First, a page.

Bulgaria's carbon trading rights could be fully restored by next May or early June, an environment ministry spokeswoman told Reuters.

EU Gets Draft Deal to Curb Gas-Guzzling Vans

The European Union struck a provisional deal on Wednesday to improve the fuel efficiency of vans and curb emissions blamed for climate change.

First Solar to Reach Nearly $4 Billion in Sales in 2011

In an attempt to nearly double capital expenditure by as much as $1.1 billion over the next two years, First Solar hopes to achieve sales of between $3.7 billion and $3.9 billion in 2011.

December 15, 2010

Fox News Editor Reportedly Directed Staff to Cast Doubt on Climate Science

An editor said reports on global warming should note climate science is based on "theories critics have called into question."

Senate Votes to Extend Ethanol Subsidy for 2011

The Senate on Wednesday voted in favor of a 1-year extension of the ethanol tax credit and the tariff on ethanol imports at existing rates, despite complaints the subsidies are wasteful.

U.N. Panel continues HFC-23 Carbon Offset Issuance

A UN panel issued nearly 2 million carbon offsets to a hydrofluorocarbon-23 destruction project in China on Wednesday, it said on its website.

Legally Binding Climate Deal Not Likely Anytime Soon, Stern of U.S. Says

A legally binding accord to combat climate change isn't likely soon, though nations can take steps to curb global greenhouse-gas emissions, U.S. negotiator Todd Stern said.

U.S. Called Vulnerable to Rare Earth Shortages

A report says that it could take 15 years to break American dependence on Chinese supplies of critical manufacturing minerals.

Green Finance Group Seeks Greater SEC Disclosure of Offshore Drilling Risks

Advocates are urging the presidential commission probing the BP spill to recommend that the SEC mandate greater disclosure from oil companies about the risks of offshore drilling.

U.S. Says Financing Core Part of Cancun Climate Deal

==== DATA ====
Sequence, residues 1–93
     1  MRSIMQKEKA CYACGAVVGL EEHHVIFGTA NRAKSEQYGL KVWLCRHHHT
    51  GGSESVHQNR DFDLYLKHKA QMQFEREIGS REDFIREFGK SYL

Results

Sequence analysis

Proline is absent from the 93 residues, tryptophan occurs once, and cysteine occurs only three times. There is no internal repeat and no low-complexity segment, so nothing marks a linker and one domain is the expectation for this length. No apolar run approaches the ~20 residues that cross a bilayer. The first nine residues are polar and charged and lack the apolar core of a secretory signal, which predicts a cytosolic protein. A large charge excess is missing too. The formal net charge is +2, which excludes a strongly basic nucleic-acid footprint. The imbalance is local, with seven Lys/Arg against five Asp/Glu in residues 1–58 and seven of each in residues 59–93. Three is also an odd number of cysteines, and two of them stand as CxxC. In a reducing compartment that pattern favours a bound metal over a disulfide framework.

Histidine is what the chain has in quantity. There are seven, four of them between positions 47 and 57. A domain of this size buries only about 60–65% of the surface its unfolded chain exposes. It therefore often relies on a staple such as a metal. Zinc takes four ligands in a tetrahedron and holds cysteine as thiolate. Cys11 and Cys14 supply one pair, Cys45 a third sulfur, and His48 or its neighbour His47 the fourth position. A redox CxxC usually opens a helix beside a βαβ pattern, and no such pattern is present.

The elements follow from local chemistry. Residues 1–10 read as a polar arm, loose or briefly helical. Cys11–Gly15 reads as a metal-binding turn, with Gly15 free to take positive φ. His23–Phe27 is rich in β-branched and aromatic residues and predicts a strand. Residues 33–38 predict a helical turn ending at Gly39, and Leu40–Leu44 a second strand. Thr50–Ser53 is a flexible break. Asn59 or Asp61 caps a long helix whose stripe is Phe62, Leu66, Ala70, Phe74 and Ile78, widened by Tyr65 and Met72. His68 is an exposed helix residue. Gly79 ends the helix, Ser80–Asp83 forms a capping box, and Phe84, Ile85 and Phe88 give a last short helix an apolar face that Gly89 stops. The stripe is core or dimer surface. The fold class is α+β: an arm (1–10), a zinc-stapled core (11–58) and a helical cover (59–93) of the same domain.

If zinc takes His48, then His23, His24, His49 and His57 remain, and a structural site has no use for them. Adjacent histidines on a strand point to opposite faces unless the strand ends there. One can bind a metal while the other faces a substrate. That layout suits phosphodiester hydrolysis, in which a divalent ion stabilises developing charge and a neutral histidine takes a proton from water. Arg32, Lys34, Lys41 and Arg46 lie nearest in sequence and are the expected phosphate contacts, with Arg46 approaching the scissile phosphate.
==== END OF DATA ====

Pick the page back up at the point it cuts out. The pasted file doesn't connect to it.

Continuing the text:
Despite tough economic times, rich countries must make good on short-term pledges of billions of dollars in financing to help developing countries tackle global warming, the U.S. climate envoy said.

Senate Bill Includes Nuclear Loan Guarantee Money

The Senate would provide $8 billion in new loan guarantees for nuclear power plant construction under a large omnibus year-end spending bill.

USCAP, Opponents Craft Rival Energy Strategies for New Congress

U.S. Climate Action Partnership is formulating strategies for the next two years as it faces a Congress that is likely to oppose any mandates.

Will a GOP-led House Un-Green the Capitol?

Congress has gone to great lengths in recent years to reduce its carbon footprint. Will Pelosi's "Green the Capitol" see its own "footprint" reduced by the new majority?

Despite Cancun Deal, U.S. Shifts Away on Climate

A new international accord on global warming has heartened environmentalists, but casting a shadow is the political shift in the United States where legislative climate efforts died in 2010.

 

Abound Solar Nails DOE Loan for Thin-Film Factory

Thin-film solar manufacturer finalizes $400 million in loan guarantee and raises $110 million in equity to ramp up solar manufacturing in U.S.

Japan, Tunisia to Build Solar Power Plant

Japan will join hands with Tunisia to develop a solar power project and 38 other new programs in the North African country, Japanese government officials said.